The responsibility for securing data has existed for a long time within organizations’ legal, privacy and information technology units. A new certificate program from the Direct Marketing Association seeks to give marketers a solid grounding in responsible data practices.
“Marketers are living in a world with mountains of data, changing technology and criminal activities which are out of control,” says Gina Scala, vice president of education and professional development at the DMA. “IT people might know about [data governance issues], and privacy folks are living and breathing it, but what does it mean to [marketers] as they handle and transfer data?”
The DMA’s three-day in-person course offers insight into physical security, virtual security, monitoring and business privacy rules, as well as compliance issues dealing with notice and customer choice. Course materials are geared toward individuals who sell information, use data for marketing or work with clients who access and use data.
“Marketers and salespeople need to be the visionaries as data use becomes more creative,” says Peg Kuman, vice chairman of Relevate, who serves as the course instructor. “To be ahead of the curve without impinging creativity and innovation, they need to understand the rules of the road.”
Individuals completing the course will be able to create and champion data best practices within their organizations; understand the latest rules of data rights management and be able to manage data in privacy-compliant ways based on user preferences and privacy agreements; and have the knowledge to recommend strategies that have a much better chance of preventing data breaches.
The course will not offer legal advice, Kuman notes. Nor is it intended for privacy professionals or compliance officers. That said, it has drawn heavily on the thought leadership, both on the customer and the regulatory side, of the top marketing privacy experts in the country, Kuman adds.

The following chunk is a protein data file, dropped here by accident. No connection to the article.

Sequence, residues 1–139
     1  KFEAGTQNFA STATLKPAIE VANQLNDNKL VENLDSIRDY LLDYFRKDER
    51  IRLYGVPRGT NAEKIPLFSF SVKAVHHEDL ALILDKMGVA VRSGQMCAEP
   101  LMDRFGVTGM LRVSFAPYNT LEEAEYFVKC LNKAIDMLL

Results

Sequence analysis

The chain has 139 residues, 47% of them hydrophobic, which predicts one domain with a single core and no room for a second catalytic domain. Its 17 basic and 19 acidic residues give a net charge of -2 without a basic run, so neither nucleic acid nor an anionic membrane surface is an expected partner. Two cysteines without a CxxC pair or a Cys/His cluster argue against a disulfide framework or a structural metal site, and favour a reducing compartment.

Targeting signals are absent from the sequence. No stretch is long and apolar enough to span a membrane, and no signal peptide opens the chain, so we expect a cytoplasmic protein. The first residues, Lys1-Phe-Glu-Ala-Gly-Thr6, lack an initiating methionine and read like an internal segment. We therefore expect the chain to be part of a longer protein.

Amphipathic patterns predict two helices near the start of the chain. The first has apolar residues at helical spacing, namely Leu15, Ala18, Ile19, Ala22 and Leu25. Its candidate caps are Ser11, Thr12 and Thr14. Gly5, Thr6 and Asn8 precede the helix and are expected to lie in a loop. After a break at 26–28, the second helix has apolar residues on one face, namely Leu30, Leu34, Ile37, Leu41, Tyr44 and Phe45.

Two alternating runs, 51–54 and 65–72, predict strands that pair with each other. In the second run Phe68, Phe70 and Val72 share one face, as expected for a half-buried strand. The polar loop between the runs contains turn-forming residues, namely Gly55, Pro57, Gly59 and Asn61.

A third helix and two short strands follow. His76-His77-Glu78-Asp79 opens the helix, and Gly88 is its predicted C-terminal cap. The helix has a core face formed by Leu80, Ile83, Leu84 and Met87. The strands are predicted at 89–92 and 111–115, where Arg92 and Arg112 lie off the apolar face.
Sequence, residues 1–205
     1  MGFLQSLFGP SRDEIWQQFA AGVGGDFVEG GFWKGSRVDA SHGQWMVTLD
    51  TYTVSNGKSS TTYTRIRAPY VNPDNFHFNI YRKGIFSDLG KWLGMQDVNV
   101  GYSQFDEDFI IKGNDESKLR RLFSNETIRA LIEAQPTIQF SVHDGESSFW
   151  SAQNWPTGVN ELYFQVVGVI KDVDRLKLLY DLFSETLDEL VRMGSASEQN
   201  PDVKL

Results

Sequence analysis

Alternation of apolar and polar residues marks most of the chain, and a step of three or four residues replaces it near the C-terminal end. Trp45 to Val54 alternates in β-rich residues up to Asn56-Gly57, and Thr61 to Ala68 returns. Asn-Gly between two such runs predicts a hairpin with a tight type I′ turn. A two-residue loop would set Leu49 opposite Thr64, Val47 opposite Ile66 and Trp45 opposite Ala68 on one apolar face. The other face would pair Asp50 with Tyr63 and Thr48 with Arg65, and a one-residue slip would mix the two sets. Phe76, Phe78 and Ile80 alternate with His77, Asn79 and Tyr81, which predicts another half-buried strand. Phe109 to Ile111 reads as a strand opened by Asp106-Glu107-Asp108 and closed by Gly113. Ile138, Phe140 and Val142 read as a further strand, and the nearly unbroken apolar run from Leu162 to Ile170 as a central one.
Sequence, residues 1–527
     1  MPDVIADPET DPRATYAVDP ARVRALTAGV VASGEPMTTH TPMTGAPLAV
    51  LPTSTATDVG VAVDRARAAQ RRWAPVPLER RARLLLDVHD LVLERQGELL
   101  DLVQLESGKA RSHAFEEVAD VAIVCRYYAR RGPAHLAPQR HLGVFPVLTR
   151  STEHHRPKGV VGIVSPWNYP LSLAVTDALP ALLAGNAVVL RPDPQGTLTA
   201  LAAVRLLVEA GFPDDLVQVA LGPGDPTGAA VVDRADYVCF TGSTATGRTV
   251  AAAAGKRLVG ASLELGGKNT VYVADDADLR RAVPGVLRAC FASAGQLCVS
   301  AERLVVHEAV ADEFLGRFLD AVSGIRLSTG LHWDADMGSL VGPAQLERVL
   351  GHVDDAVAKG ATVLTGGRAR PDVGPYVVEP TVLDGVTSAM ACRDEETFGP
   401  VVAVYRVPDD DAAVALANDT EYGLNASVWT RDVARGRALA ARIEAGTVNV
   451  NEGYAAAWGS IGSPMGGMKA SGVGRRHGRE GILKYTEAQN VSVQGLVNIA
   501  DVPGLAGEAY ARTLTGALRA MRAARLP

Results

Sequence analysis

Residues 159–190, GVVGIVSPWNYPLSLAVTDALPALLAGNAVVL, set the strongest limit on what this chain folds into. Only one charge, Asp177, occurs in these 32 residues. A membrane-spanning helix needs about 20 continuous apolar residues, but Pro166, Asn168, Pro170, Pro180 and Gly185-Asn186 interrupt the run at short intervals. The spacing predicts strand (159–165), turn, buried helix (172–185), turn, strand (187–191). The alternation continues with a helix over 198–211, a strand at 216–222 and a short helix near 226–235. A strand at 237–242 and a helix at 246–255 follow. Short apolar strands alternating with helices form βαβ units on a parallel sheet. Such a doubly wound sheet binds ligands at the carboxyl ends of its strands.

The course has been tailored for the needs of marketers who may be unclear on some of the concepts of privacy – such as some fairly young marketers who once defined personally identifiable information to Kuman as “everything”.
“That is when it occurred to me that there is a deep need for a conversation about governance across our very broad and expansive multichannel industry,” Kuman says.
It was a thought similar to that which caused DMA board member Bruce A. Biegel to begin mulling creating the course more than a year ago.
“We had been doing work in and around the intersection of online and offline data,” Biegel says of consulting firm Winterberry Group, where he serves as senior managing director. “Within the corporate world there were three distinct silos – digital, direct and advertising. When they all rolled up to a CMO, they didn’t necessarily interact.
“Data security is something that keeps people up at night,” Biegel continues. “They worry about security, privacy and what data they are allowed to reveal, show and use. Who makes those decisions? Someone in marketing? A privacy officer? We would argue that this is an issue that crosses from IT to legal to the marketing and public relations departments.
“There was no place, 14 or 15 months ago, where a marketer or a supplier could get a concrete education, including certification in what matters in data governance. You called your privacy consultant who would be familiar with what the DMA and Digital Advertising Alliance were doing, with the regulatory and legislative landscapes, but often that was lawyers talking to lawyers.”
Practitioners, he says, needed to know what they should and shouldn’t do. And, Biegel notes, what a marketer can do far exceeds what they should do.
The course, which costs $1,699 for DMA members and $1,999 for non-DMA members, is currently scheduled to be given nine times during the next 12 months in New York City, Chicago, San Francisco and Washington, DC. Call 540-409-3306 or click here for more information.